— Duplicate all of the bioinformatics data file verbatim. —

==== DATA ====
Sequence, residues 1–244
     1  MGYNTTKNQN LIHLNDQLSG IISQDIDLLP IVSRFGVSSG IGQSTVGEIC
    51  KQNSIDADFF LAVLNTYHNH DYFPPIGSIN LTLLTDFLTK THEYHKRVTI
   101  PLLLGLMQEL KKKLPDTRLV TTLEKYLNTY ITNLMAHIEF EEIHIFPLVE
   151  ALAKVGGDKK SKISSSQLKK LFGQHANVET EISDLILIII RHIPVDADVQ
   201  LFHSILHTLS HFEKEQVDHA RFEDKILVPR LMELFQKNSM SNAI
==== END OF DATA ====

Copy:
Sequence, residues 1–244
     1  MGYNTTKNQN LIHLNDQLSG IISQDIDLLP IVSRFGVSSG IGQSTVGEIC
    51  KQNSIDADFF LAVLNTYHNH DYFPPIGSIN LTLLTDFLTK THEYHKRVTI
   101  PLLLGLMQEL KKKLPDTRLV TTLEKYLNTY ITNLMAHIEF EEIHIFPLVE
   151  ALAKVGGDKK SKISSSQLKK LFGQHANVET EISDLILIII RHIPVDADVQ
   201  LFHSILHTLS HFEKEQVDHA RFEDKILVPR LMELFQKNSM SNAI